Contested Markets: Lessons from Cannabis Legalization

Submission deadline: 1 March 2018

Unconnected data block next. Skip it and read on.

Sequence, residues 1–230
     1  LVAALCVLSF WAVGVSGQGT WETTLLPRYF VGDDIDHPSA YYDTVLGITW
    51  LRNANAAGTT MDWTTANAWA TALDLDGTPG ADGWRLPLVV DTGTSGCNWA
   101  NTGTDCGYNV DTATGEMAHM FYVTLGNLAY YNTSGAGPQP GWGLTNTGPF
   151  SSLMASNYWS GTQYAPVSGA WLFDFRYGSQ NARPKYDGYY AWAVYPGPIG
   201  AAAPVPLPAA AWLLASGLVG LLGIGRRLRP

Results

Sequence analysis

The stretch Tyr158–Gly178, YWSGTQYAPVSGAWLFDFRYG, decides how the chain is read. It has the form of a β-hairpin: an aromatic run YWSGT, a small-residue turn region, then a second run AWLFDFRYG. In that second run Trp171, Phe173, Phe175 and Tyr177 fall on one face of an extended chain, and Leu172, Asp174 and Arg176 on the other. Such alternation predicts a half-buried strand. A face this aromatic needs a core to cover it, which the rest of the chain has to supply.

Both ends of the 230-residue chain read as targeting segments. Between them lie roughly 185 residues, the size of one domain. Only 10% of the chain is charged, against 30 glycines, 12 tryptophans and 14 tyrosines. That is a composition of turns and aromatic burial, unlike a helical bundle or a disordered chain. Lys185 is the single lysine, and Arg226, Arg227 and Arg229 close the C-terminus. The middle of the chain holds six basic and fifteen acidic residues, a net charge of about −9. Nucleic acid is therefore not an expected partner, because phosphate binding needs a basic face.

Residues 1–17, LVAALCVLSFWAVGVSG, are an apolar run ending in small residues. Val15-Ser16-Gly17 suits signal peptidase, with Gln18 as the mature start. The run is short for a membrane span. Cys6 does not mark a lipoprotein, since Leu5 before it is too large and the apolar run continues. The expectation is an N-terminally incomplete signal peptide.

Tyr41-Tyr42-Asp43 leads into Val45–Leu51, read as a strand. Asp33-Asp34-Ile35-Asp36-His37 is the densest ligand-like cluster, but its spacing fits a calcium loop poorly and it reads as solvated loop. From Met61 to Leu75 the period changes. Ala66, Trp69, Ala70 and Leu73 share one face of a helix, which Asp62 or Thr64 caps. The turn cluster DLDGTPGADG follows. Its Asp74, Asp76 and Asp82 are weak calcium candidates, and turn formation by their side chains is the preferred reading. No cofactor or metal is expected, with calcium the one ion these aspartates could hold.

The last thirty years has witnessed the expansion of markets into new domains and as a mechanism to solve public policy challenges. This expansion has made them increasingly contested objects (Ahrne, Aspers, & Brunsson, 2015; Fourcade & Healy, 2016; Geiger et al, 2014). Indeed, various authors have called into question the taken-for-granted image of the market as a natural order emerging from the “propensity to truck, barter, and exchange” (Smith, 1776). Picking up from where Polanyi, Granovetter, and others left off, this research has shown that markets are contested orders (Çalışkan & Callon, 2010) assembled through material devices (Knorr Cetina & Preda, 2007; Miller & O’Leary, 2007; Pollock & D’Adderio, 2012), performative propositions (Callon, 1999; Muniesa, Millo, & Callon, 2007), social movements (King & Pierce, 2010; Lounsbury et al., 2003; Rao, 2009), and political actions (Fligstein & Dauter, 2007).

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